Eastern Neck Island Road (MD 445), Rock Hall, Kent County
Trumpington is located near the southern tip of Eastern Neck in western Kent County. The house looks out across a large salt marsh that stretches along the bay shore, with views of Eastern Neck Island, Kent Island, and the Western Shore. The main house is of Flemish bond brick construction five bays long, two rooms deep, and 2 1/2 stories high with a single flush chimney centered at each end of a pitched gable roof. The principal facade of the main house faces southwest, toward the water. The fenestration is symmetrical, with a broad center door flanked by two large 12/12 windows on each side, with five 12/12 windows ranged across the second floor. Cellar windows of 3/3 sash are located directly below each first floor window. Two wide gabled dormer windows each holding a pair of 6/6 sash windows have been added on this facade in the 20th century. The brickwork is laid in Flemish bond above a molded ovolo watertable and a Flemish bond foundation. The window openings have splayed jack arches while the door opening has a single-course rowlock segmental arch. A 1 1/2-story brick wing with small gable-roofed dormers extends from the northwest gable of the main house. A log plank meathouse lies to the northwest of the wing, and one 19th century granary survives among a scattered collection of farm buildings. Brick foundations of another early farm building have survived and are now incorporated into a 20th century implement shed. A small cemetery lies to the southeast of the main house. Also standing on the property a 20th century barn and mid-20th century frame cottage near the lake.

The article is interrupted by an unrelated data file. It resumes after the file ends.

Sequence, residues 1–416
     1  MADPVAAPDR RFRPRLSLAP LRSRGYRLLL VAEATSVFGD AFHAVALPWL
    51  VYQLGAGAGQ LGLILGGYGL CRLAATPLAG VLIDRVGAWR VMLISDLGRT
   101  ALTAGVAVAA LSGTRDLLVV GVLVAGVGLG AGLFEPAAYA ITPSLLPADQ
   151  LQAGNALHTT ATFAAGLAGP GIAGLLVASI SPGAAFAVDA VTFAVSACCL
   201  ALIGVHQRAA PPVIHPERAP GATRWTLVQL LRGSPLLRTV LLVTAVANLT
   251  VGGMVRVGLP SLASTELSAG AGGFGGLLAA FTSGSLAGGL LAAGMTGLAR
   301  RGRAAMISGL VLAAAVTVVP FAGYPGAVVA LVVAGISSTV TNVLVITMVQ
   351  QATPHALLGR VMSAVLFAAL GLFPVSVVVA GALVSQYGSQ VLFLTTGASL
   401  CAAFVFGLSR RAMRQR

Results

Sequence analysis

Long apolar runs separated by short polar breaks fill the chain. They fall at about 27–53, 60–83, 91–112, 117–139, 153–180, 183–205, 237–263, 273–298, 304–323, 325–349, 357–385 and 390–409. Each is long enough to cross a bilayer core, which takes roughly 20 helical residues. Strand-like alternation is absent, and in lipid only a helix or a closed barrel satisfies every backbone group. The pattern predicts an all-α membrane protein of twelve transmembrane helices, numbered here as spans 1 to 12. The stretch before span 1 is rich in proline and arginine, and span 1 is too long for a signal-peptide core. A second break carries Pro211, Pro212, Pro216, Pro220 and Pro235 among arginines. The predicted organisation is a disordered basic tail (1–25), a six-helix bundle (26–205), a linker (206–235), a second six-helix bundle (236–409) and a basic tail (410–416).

Trumpington is a late-18th century house which is significant for its architecture as a carefully preserved example of a large Georgian plan house type that was widely favored by wealthy landholders in the Tidewater in the latter half of the 18th century, and for its association with the Smythe family, which has owned and farmed this tract of land since the last quarter of the 17th century. The Smythe family was active both politically and economically in this region in the 18th and early 19th century, and the house at Trumpington can be viewed as a symbol of the family's prominence.